"Publishers Weekly Review" by , "Adventurer John Haslett narrates two epic ocean voyages he made over a four-year period in the mid-1990s. Sailing on large balsa rafts that he crafted from ancient designs, Haslett first attempts to reach Hawaii, only to find himself marooned in Panama. In another expedition, Haslett heads for western Mexico and winds up wrecked in Costa Rica. Ostensibly, this modern-day Heyerdahl is attempting to follow trade routes used by pre-Columbian balsa-raft sailors; however, Haslett makes it quite clear that he is really after adventures. There is certainly no shortage of those, including hurricanes, shark attacks, tropical diseases, a U.S. warship, psychotic crewmen and ravenous sea worms that devour Haslett's ship under his feet. Haslett is at his best describing his struggles and the superhuman endurance necessary to mount expeditions of this type. While readers are given little in the way of history, anthropology or psychological insight, the lack is barely felt. Haslett's two most important characters are the sea and the raft, and they come alive on almost every page. In an age when even Mt. Everest and the South Pole have been domesticated, Haslett offers all the romance of an old-fashioned sea tale." Publishers Weekly (Copyright Reed Business Information, Inc.)
"Review" by , "Haslett's prose vibrates with energy....This is a loud, insistently physical read, stuffed with grim battles against and healthy respect for fundamental forces."
"Review" by , "A triumph of human curiousity and preserverance. John Haslett has brilliantly combined the expeditionary toughness of Ernest Shackelton and the cutting prose of Ernest Hemingway to fashion an instant classic of adventure."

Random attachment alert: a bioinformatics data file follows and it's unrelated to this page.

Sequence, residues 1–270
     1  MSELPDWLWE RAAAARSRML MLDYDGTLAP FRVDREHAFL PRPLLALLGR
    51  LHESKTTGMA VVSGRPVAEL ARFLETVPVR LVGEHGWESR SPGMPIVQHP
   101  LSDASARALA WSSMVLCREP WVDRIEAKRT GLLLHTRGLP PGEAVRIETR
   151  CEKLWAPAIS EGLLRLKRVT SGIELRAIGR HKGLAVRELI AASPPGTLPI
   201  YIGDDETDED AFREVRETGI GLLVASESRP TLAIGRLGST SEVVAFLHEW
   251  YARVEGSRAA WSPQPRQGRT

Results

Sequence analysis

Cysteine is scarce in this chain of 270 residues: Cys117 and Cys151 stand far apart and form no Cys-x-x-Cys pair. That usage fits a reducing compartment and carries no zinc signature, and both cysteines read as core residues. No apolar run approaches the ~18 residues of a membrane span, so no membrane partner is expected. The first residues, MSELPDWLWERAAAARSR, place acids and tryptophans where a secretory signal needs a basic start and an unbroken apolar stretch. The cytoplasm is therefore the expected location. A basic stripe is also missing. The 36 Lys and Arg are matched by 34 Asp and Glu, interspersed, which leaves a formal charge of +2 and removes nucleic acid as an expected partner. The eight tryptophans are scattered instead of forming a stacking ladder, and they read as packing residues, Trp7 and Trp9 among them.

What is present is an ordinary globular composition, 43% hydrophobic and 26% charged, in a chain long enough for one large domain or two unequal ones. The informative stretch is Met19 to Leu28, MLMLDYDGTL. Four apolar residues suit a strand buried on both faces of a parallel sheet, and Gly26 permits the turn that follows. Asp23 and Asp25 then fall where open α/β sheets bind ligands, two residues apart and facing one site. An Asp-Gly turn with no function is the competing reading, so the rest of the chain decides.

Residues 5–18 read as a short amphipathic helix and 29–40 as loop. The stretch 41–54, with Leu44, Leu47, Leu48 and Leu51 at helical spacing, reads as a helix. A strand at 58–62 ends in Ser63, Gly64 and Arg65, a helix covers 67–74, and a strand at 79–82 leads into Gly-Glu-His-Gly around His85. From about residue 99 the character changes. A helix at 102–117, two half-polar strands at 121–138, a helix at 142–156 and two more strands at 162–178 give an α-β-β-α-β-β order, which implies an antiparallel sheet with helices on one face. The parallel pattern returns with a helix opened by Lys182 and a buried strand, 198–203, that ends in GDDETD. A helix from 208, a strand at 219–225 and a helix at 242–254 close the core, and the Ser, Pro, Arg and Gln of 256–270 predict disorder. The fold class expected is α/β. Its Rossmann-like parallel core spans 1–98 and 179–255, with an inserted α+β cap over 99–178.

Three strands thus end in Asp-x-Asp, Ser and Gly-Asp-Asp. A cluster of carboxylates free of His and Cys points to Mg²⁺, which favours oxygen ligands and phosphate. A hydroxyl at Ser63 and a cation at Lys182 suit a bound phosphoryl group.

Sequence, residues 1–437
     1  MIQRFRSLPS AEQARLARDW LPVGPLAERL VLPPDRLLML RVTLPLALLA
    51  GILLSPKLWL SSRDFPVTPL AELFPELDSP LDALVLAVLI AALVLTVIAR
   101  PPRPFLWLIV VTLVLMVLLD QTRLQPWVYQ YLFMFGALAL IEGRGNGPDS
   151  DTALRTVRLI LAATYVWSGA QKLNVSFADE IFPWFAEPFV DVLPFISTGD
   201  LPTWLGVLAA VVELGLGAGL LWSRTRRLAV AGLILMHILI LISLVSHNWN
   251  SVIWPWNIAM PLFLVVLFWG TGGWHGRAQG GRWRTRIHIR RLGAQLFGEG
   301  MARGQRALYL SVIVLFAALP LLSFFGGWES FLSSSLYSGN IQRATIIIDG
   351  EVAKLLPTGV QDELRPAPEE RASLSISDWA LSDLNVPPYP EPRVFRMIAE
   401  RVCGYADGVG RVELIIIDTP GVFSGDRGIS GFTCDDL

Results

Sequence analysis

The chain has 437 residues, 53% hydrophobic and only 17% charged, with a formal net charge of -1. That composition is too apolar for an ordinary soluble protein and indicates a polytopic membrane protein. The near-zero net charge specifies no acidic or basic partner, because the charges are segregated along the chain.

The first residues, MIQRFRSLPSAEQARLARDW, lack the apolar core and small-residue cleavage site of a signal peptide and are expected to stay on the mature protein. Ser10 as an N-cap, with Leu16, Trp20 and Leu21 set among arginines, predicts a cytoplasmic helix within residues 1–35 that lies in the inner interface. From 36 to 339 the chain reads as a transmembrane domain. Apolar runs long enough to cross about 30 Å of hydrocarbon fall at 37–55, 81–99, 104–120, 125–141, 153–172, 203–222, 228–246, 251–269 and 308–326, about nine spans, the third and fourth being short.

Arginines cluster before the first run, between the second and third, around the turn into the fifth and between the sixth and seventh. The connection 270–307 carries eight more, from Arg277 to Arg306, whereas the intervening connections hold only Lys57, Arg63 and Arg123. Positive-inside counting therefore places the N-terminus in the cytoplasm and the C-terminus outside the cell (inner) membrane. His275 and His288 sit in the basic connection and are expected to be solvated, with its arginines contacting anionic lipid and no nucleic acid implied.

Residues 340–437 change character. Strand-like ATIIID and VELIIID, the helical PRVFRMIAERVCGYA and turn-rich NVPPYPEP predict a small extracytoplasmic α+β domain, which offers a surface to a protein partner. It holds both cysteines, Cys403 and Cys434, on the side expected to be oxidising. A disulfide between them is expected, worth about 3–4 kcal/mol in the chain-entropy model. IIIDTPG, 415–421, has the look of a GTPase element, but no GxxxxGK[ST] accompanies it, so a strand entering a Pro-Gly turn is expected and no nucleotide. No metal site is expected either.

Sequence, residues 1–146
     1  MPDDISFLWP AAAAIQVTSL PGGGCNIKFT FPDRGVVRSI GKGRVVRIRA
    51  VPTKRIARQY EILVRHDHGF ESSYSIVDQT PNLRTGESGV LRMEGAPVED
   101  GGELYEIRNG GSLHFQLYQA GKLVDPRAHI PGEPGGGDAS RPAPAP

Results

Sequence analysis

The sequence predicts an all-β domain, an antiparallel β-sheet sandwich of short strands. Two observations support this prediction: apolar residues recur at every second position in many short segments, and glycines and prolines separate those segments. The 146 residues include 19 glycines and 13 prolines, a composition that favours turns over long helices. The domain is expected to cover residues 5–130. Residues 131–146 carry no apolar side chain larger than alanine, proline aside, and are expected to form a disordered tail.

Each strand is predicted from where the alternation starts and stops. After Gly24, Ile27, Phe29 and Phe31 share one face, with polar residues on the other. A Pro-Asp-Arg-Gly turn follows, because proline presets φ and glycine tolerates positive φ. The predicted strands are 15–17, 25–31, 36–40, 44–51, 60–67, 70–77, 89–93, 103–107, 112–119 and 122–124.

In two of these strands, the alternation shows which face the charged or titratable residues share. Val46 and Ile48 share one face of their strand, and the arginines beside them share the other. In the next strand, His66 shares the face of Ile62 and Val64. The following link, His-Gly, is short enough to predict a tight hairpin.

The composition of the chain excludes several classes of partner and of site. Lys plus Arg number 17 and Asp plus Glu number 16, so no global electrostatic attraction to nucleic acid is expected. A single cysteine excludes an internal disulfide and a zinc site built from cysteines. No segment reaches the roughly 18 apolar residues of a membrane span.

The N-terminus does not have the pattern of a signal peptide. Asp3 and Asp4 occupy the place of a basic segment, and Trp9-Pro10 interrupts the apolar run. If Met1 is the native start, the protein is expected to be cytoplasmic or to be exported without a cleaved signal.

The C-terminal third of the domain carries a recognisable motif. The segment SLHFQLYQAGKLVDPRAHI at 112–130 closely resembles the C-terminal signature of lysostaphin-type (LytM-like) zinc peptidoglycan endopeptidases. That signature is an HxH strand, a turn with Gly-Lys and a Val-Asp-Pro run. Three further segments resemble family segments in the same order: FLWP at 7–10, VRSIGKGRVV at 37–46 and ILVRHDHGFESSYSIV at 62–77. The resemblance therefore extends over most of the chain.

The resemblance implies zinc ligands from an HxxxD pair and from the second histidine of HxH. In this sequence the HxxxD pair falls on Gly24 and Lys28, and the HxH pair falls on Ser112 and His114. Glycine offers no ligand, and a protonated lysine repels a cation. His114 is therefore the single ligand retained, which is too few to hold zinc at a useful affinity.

"Synopsis" by ,
In 1995, John Haslett went to a tiny fishing village in Ecuador to begin building a thirty-thousand-pound raft made entirely of balsa wood, bamboo, and manila rope. Inspired by Thor Heyerdahl's famed Kon-Tiki voyage, Haslett intended to sail five thousand nautical miles across the open sea to Hawaii. What transpired, however, was anything but a recreation of Heyerdahl's famous voyage.
Over the next five years, Haslett and his crews journeyed through a surreal odyssey of madness, mutiny, obsession, and survival. They lived aboard primitive rafts for months at a time, were marooned in alien worlds, saw one vessel sunk, another abandoned, and another wrecked. Ultimately, Haslett and his colleagues would emerge with new discoveries about a lost culture.
Voyage of the Manteno is an ancient sea tale, lived by modern men. It is a compelling adventure brought to life by a cast of characters who vary from the ordinary, to the heroic, to an Ahab-like crewman who teetered on the brink of insanity. A tale of hope, survival, and discovery, Voyage of the Manteno is the true story of two harrowing expeditions in the late 1990s.